1. ## Acceptable voltage drop or bad connection(s)?

I had a customer complain about lights flickering. Upon investigation, it seems that the lights flicker while his wife was using an iron in their bedroom.

So, I took some measurements:

Voltage in bedroom with several lamps lit: 120
Voltage measured with iron on too: 105

I checked the Volts and Amps at the panel as well:

Lamps only: 122 Volts, 2 Amps
Lamps w/iron: 120 Volts, 9.5 Amps

So, there seems to be a 15 Volt difference from the panel to the outlet(s) in the bedroom.

I figure that there is about 125-150 feet of 14/2 NM cable involved.

This is a "double-wide" home, so there is a "crossover" connection underneath, as well as those nasty non-box outlets. Which means you can't check their internal connections without tearing them apart.

I figure that the best remedy here is to remove all those non-box devices, install some boxes, and then use some real duplex outlets. Same goes for that plug-in crossover: Cut it out and hard-wire a permanent connection.

What should be the voltage drop on a circuit with 150 feet of 14/2 and a load of 9.5 Amps?

2. The volt drop should be about half of what you are seeing.

Here is a good volt drop calculator:

3. Thanks for the link. I knew there were some out there, but didn't have time to manually calculate it, or search for the links.

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Your number comes up at 6.5% VD for me.
Voltage drop under 3% (3.7 volts) is not possible w/ #14 over 70ft
Tearing out walls & devices for perfect connections will not fix this piss-poor design.

Sharing lights & plugs on same circuit is a cost-cutting measure, but doing it with #14 is really cheep.
Running 150ft of #14 with lights & plugs on the same circuit was just plain stupid.
Last edited by ramsy; 03-30-12 at 07:48 PM.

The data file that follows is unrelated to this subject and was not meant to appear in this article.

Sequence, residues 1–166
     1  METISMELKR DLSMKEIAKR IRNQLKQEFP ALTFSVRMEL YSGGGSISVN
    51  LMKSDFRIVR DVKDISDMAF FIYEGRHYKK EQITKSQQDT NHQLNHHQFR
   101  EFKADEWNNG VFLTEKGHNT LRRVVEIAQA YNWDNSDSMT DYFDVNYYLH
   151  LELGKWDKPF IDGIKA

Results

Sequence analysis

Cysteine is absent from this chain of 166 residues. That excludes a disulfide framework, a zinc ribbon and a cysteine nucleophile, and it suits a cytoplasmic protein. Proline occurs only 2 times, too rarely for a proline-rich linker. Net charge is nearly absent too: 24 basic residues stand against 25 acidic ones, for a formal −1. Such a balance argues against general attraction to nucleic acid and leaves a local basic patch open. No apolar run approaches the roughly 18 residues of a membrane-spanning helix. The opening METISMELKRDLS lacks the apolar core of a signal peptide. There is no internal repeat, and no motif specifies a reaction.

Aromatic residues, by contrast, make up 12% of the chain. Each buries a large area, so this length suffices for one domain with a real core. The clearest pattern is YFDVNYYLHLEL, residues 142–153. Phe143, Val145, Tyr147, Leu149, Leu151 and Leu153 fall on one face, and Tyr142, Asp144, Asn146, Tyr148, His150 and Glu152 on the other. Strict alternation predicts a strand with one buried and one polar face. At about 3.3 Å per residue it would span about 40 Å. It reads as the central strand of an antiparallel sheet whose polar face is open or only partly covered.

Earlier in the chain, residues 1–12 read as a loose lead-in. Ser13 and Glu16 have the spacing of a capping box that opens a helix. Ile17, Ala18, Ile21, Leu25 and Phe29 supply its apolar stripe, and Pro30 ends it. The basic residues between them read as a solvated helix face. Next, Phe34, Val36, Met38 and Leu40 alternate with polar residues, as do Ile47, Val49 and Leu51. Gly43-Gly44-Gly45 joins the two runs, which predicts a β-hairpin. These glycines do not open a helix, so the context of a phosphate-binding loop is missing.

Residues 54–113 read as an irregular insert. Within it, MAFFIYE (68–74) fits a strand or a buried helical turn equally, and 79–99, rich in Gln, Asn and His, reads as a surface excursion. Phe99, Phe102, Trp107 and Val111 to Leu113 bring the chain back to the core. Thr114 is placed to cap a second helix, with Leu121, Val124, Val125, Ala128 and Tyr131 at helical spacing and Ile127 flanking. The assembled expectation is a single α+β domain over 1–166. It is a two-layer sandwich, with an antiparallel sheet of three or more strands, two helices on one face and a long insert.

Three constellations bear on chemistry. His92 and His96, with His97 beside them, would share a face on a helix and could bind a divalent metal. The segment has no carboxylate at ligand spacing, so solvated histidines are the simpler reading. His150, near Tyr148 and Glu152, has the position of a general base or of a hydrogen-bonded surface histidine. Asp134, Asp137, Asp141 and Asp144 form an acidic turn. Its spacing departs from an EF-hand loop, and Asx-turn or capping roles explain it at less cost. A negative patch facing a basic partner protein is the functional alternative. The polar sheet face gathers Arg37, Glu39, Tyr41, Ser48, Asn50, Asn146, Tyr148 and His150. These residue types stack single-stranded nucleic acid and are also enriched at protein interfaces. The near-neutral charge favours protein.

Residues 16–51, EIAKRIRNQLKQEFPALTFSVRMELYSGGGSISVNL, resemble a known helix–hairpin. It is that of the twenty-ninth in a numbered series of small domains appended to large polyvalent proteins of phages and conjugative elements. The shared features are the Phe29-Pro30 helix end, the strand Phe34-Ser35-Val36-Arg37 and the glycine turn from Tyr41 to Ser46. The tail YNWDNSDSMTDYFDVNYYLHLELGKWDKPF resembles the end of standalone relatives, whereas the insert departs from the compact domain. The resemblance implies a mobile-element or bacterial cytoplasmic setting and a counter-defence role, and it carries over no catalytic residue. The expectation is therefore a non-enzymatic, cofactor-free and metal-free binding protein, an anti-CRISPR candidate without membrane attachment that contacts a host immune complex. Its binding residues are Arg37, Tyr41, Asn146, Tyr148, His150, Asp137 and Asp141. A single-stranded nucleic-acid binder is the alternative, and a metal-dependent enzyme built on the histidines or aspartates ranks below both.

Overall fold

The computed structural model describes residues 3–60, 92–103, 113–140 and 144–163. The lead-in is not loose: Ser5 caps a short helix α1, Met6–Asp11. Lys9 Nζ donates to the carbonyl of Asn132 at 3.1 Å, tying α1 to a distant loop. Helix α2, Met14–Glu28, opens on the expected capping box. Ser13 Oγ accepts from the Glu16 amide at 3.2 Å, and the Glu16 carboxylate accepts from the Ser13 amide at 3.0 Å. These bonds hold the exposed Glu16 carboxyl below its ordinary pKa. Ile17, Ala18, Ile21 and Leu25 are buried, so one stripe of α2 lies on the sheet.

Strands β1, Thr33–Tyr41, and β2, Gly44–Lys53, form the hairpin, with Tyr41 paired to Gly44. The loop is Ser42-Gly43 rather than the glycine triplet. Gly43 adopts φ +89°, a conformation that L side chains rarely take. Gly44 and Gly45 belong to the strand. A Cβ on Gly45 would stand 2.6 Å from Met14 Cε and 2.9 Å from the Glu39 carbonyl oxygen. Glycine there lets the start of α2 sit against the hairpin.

5. I would not blow this off as a simple voltage drop problem. Start pulling devices and looking for loose connections.

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Bad connects will get hot because bad connection introduce resistance into the circuit.

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bad thing about those trailer box's is taking it apart all the wire fall out of it, good thing is most of them are feed through meaning the conductors are not cut but a piercing device just Perice's the insulation to make contact, but you will have some with more then one NM running through it, and this is where a connection can be lost, but like you said, jump over connections can also be a problem, easy way to check as to where it is, just measure the voltage at each receptacle, or feel for a hot receptacle while iron is on.

8. Originally Posted by ramsy
...Tearing out walls & devices for perfect connections will not fix this piss-poor design....
Who said anything about tearing out walls? These devices are self-contained, and as such you can't check the connections without literally destroying them. But it's a simple task to remove `em, cut out the hole a bit larger for a standard pop-in box, and install a real duplex receptacle in its place.

Time-consuming, but simple, and no patchwork should be required.

My estimate of 150 feet for the circuit includes the home run, the crossover, and all the loops required around the room to encompass the entire circuit. It's probably less, but I was liberal in my overall estimate. Typical for any bedroom circuit in a decent sized house.

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Originally Posted by kbsparky
Typical for any bedroom circuit in a decent sized house.
Where is it typical to combine lighting & plugs on #14, much less over 100ft long? How do you access factory NM junctions that don't require boxes?
Last edited by ramsy; 03-31-12 at 07:12 PM.

10. Ask them if they want a receptacle at the panel, only one solution.

You'd need to load all the circuits to find the loose noodle... What do they want to pay for QA, Service or Repair ?

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